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No. 245 "Vital Articles on Science/Creation" November 1993
CHRISTIANITY AND TECHNOLOGICAL ADVANCE
The Astonishing Connection
by T. V. Varughese, Ph.D.*
Copyright (c) 1993 by I.C.R.
All Rights Reserved
* Dr. Varughese is Associate Professor of Computer Science in the
School of Management and Technology, National University, Irvine,
California, and adjunct professor of Physics at ICR.
Without question, "technology" has now become the new magic word in
place of the word "science." Since technology represents the practical
applications of science, it is clearly consumer-oriented. Herein is
bright economic promise to all who can provide technology.
In terms of technology, our present world can be divided into at
least three groups: countries that are strong providers of technology,
both original and improved; countries that are mass producers because of
cheaper labor; and countries that are mostly consumers. Without a doubt,
being in the position of "originating" superior technology should be a
goal for any major country. The difficult question, however, is "how."
An obvious place to start suggests itself. Why not begin with the
countries that have established themselves as strong originators of
technology and see if there is a common thread between them? The western
nations, after the Renaissance and the Reformation of the 16th century,
offer a ready example. Any book on the history of inventions, such as
the _Guinness Book of Answers_, will reveal that the vast majority of
scientific inventions originated in Europe (including Britain) and the
USA since the dawn of the 17th century. What led to the fast
technological advances in the European countries and North America
around that time?
The answer is that something happened which set the stage for science
and technology to emerge with full force. Strange as it may seem, that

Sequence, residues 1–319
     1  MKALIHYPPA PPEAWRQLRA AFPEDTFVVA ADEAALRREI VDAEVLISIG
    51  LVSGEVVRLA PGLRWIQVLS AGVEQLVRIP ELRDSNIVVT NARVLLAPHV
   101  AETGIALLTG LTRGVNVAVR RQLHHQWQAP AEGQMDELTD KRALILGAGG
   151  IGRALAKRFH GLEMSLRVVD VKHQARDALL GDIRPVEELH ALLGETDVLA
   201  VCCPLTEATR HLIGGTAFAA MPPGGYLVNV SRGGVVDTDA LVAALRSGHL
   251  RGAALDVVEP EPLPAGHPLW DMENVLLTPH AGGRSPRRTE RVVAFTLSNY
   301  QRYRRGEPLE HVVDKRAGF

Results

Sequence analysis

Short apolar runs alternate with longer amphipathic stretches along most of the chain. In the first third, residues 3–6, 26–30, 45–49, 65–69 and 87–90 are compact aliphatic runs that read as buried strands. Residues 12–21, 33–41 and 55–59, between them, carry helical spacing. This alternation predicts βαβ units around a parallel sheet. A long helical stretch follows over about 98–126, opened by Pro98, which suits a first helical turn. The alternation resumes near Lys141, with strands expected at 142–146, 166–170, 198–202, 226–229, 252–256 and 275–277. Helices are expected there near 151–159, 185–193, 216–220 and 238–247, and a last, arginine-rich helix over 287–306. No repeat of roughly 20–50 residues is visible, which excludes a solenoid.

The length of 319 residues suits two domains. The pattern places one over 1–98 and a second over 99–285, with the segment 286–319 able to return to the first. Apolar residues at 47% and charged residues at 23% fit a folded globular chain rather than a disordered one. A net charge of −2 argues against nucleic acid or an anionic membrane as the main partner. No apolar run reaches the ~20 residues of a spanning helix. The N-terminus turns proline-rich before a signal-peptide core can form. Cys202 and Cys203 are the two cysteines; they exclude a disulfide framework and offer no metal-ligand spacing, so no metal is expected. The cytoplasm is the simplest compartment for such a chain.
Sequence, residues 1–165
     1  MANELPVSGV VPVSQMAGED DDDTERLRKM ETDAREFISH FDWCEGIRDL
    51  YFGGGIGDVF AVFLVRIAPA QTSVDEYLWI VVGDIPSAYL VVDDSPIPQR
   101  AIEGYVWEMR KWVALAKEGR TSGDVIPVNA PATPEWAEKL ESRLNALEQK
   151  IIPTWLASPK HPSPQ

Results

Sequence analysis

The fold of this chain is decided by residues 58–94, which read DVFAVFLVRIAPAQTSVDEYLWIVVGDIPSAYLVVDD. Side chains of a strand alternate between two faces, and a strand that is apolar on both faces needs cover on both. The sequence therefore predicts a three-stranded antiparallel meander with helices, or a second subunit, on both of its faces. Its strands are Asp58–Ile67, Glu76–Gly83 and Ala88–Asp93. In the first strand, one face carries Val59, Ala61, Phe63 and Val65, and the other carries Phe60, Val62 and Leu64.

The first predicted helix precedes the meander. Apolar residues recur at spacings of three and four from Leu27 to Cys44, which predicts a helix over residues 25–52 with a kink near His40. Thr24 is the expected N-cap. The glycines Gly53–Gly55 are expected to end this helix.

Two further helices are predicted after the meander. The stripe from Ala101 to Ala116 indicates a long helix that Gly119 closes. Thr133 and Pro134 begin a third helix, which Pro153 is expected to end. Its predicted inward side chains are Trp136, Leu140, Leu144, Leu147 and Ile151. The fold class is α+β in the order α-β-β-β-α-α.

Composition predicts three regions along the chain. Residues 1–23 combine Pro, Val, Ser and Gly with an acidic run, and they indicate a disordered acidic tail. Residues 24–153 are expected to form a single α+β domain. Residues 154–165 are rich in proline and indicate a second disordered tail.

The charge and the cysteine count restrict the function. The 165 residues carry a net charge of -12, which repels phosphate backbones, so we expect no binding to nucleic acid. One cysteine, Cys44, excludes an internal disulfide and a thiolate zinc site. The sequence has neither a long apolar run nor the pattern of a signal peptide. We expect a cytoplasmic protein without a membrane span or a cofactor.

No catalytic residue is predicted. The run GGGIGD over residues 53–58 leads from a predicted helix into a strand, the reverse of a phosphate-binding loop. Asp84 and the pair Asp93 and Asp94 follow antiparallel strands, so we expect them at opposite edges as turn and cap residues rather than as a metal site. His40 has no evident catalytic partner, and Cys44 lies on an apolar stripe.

event is the return to Biblical Christianity in these countries.
The Epistemological Foundation of Technology
According to Alfred North Whitehead and J. Robert Oppenheimer, both
renowned philosophers and scientists of our era (but not Christians
themselves), modern science was born out of the Christian world view.
Whitehead said that Christianity is the "mother of science" because of
the insistence on the rationality of God. Entomologist Stanley Beck,
though not a Christian himself, acknowledged the corner-stone premises
of science which the Judeo-Christian world view offers: "The first of
the unprovable premises on which science has been based is the belief
that the world is real and the human mind is capable of knowing its real
nature. The second and best-known postulate underlying the structure of
scientific knowledge is that of cause and effect. The third basic
scientific premise is that nature is unified." In other words, the
epistemological foundation of technology has been the Judeo-Christian
world view presented in the Bible.
This may sound incredible to some because of the popular feeling that
science and religion don't mix. Didn't Christianity vehemently oppose
Galileo and Copernicus when they proposed the modern models for the
The truth, however, is that the real conflict was not between
Christianity, as presented in the Bible, and science. In fact, the true
conflict was not between science and religion at all, but between the
existing scientific view and a new scientific view. The geocentric world
view held at that time was not based on the Bible but on the Ptolemaic
system which was rooted in the views of Plato and Aristotle.
Historians have observed that the foundations for modern science were
laid as early as the thirteenth century when scholars like Roger Bacon
showed that Aristotle made certain mistakes about natural phenomena.
Medieval science was based on authority--primarily of Aristotle--rather
than observation. It developed through logic, rather than
experimentation. Both Copernicus and Galileo challenged Aristotle's
authority, using experimentation in the spirit of modern science. The